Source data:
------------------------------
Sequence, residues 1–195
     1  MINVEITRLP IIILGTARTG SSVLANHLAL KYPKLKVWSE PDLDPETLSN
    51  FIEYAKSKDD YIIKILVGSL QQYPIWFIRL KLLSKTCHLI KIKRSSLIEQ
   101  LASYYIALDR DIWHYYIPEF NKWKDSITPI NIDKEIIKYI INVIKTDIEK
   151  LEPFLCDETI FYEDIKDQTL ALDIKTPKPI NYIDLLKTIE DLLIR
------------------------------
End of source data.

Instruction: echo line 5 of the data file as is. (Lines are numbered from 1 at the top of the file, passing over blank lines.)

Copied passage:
   151  LEPFLCDETI FYEDIKDQTL ALDIKTPKPI NYIDLLKTIE DLLIR